China’s Ivory Trade on the Decline

Shimon Shuchat
Mar 26, 2018 · 4 min read
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Caption: Three African forest elephants drink and bathe in a pool of water at Dzanga Bai in the Central African Republic.

China currently has the largest market for elephant ivory of any country and is the most important destination for both legal and illegal ivory products¹. However, the situation is starting to change for the better due to multiple recent developments. For example, in 2016, the Chinese government committed to phasing out its legal ivory trade. Under this policy China will gradually shut down its licensed ivory factories and will develop programs to assist ivory carvers in finding other work². All processing and sale of ivory within the country will stop by the end of 2017 ³. Additional factors leading to the decline are the outreach initiatives started by wildlife conservation groups, such as the Elephant Listening Project, which are intended to engage and educate the Chinese public and thereby reduce demand for ivory.

China has become the hub of the ivory trade for a variety of reasons. For example, when the United Nations adopted a resolution requiring state parties to preserve intangible cultural heritage the ivory carving trade seized the opportunity to get state support⁴. It was therefore able to promote its products via the media, museums, and exhibitions. Other factors that have contributed to the problem are a recent boom in arts investment, the perception of ivory as a status symbol, its use for religious objects such as Buddhist prayer beads, and its importance in traditional Chinese medicine. Ivory products are also commonly gifted to public officials in corruption schemes⁴.

However, there are signs that the situation is improving. Between 2014 and 2015 the price of elephant tusks in China dropped by almost fifty percent⁵. Studies have also shown that the number of ivory items for sale has decreased in major Chinese cities like Beijing and Shanghai, and that many shops currently selling ivory items are shifting to other materials such as clam shell⁵. This decline has been attributed to China’s promise to disband its legal ivory trade and to crackdowns on corruption⁵.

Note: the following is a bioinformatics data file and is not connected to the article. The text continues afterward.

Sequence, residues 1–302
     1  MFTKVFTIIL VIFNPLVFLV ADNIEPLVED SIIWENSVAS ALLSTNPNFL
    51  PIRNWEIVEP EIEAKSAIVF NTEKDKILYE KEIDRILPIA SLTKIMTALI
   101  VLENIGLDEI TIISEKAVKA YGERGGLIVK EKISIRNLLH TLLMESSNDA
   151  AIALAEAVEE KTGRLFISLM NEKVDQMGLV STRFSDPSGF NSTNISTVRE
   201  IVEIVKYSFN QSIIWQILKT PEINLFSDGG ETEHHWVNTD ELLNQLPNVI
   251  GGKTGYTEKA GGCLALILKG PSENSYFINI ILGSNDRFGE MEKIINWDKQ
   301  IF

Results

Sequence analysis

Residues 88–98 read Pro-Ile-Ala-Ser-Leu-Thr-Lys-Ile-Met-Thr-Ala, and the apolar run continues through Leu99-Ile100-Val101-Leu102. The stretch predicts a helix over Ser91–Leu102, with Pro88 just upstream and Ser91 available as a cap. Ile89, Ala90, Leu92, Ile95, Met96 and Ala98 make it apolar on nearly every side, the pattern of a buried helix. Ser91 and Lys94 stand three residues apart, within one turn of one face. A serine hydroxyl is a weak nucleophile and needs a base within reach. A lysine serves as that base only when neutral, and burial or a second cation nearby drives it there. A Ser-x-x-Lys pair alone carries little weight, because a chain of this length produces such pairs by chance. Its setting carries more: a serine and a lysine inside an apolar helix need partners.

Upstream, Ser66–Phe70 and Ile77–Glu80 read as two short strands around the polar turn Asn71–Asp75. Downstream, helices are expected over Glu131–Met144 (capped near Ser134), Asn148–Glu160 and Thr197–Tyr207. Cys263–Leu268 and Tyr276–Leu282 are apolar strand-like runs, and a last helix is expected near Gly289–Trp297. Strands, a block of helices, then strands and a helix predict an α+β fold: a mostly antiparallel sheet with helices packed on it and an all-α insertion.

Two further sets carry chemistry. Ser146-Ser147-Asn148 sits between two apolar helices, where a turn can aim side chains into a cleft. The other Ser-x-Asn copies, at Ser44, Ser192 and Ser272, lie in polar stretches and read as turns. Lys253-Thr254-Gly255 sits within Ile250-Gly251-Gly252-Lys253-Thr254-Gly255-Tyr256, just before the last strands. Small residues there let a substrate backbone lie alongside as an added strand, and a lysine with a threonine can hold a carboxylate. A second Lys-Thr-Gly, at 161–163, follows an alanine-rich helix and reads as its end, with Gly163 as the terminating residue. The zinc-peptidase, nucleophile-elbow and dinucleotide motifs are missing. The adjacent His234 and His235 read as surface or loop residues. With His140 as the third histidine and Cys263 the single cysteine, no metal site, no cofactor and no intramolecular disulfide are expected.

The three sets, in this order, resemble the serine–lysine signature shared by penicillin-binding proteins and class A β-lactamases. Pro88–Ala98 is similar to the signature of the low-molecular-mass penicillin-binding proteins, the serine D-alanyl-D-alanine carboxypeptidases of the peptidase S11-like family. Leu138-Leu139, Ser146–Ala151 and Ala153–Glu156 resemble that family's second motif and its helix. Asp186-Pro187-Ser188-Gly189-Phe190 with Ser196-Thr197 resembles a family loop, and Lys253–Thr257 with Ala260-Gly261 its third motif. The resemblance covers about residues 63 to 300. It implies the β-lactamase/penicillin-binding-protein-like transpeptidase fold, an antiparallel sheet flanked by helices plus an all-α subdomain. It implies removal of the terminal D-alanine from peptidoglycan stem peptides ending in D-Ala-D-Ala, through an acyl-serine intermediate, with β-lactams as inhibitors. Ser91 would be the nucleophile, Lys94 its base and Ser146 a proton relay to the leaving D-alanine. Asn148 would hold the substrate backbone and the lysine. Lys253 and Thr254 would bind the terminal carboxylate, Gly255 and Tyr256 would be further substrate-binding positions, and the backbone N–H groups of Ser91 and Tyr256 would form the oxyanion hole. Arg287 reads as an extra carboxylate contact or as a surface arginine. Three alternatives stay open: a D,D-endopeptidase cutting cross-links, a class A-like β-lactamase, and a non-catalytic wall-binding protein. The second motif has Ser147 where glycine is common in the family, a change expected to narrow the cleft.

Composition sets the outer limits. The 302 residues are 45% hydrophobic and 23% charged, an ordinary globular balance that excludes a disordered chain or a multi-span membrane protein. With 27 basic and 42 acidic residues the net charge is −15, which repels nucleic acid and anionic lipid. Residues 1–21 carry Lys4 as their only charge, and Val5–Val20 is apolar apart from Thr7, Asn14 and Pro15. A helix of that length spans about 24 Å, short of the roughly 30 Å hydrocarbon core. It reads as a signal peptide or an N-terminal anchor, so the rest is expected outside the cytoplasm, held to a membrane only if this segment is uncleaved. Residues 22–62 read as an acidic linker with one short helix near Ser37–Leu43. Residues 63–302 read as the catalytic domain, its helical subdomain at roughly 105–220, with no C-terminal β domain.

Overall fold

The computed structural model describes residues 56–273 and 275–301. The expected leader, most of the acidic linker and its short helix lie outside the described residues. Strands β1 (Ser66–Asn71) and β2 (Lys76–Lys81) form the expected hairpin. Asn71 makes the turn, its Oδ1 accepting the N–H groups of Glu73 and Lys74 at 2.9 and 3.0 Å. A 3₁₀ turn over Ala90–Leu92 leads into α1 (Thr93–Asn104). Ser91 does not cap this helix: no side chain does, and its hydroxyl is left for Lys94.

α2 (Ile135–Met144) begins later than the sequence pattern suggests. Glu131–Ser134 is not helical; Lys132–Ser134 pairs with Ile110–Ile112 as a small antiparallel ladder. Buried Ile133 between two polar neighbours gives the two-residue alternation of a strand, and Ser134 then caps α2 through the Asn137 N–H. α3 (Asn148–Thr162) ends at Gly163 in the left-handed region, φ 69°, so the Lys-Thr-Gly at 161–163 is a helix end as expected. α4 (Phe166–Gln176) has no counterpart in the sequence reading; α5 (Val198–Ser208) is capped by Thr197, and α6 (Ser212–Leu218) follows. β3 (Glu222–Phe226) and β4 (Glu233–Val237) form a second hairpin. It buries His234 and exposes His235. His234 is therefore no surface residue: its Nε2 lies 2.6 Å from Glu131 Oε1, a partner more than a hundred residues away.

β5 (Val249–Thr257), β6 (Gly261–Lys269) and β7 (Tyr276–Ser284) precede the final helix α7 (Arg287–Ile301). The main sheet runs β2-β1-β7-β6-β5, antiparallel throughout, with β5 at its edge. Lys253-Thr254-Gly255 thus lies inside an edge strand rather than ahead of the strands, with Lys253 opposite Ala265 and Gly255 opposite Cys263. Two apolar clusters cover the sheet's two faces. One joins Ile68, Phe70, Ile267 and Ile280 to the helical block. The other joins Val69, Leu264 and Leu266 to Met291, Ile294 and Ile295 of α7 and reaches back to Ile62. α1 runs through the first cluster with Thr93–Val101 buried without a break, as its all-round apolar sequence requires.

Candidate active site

Another reason for the Chinese ivory trade’s decline is the effort made by conservation groups in recent years to educate the Chinese public about elephant conservation with the goal of reducing the demand for ivory. The Elephant Listening Project (ELP) has launched multiple initiatives in this vein. For example, an ELP researcher from Shang Hai has developed an app on WeChat, a Chinese social media site, that people can use to learn about African forest elephants. Users are engaged as they control the direction of stories featuring forest elephants. ELP is also in the process of translating the subtitles on its YouTube videos into mandarin.

Other organizations have undertaken similar efforts. WildAid, an environmental organization based in San Francisco, has debuted Public Service Announcements (PSAs) on Chinese television, featuring celebrities such as Yao Ming and Li Bingbing⁶. These efforts have proven to be successful as research⁵ shows that between 2012 and 2014 the number of Chinese citizens who considered elephant poaching to be a problem and who were aware that much of the ivory sold in the country comes from poached elephants greatly increased. In addition, over 90% of the people who viewed the PSAs said they would not buy ivory in the future⁶.

While China’s ivory trade is currently fueling much of the demand for ivory products and is a significant force behind the outbreak of elephant poaching, the situation seems to be getting better as the Chinese public becomes more informed about elephant conservation and as the Chinese government takes steps to dissolve the country’s legal ivory trade. As people become more aware of the damage caused by the ivory trade it will hopefully continue to decline and the incentives for poaching will gradually dissipate.

References:

¹Underwood, Fiona M., Robert W. Burn, and Tom Milliken. “Dissecting the illegal ivory trade: an analysis of ivory seizures data.” PloS one 8, no. 10 (2013): e76539.

²Gettleman EWAJ (2016) China Bans Its Ivory Trade, Moving Against Elephant Poaching. In: The New York Times. https://www.nytimes.com/2016/12/30/world/asia/china-ivory-ban-elephants.html. Accessed 17 Oct 2017

³Wildlife Conservation Society. “China Announcement of Domestic Ivory Ban in 2017 — English Translation.” News release, January 3, 2017. Wcs.org. Accessed November 7, 2017. https://newsroom.wcs.org/News-Releases/articleType/ArticleView/articleId/9578/China-Announcement-of-Domestic-Ivory-Ban-in-2017--English-Translation.aspx.

⁴Gao, Yufang, and Susan G. Clark. “Elephant ivory trade in China: Trends and drivers.” Biological conservation 180 (2014): 23–30.

⁵Vigne, Lucy, and Esmond, Martin. Decline in The Legal Ivory Trade in China in Anticipation of a Ban. Publication. Nairobi , Kenya: Save The Elephants, 2017.

⁶Ivory Demand in China: 2012–2014. Report. February 6, 2014. Accessed October 14, 2017. http://wildaid.org/sites/default/files/resources/Print_Ivory%20Report_ Final_v3.pdf.

Find out more about the Elephant Listening Project
Conserving the tropical forests of Africa through acoustic monitoring, sound science, and education, focusing on forest elephants

ELP Rumbles

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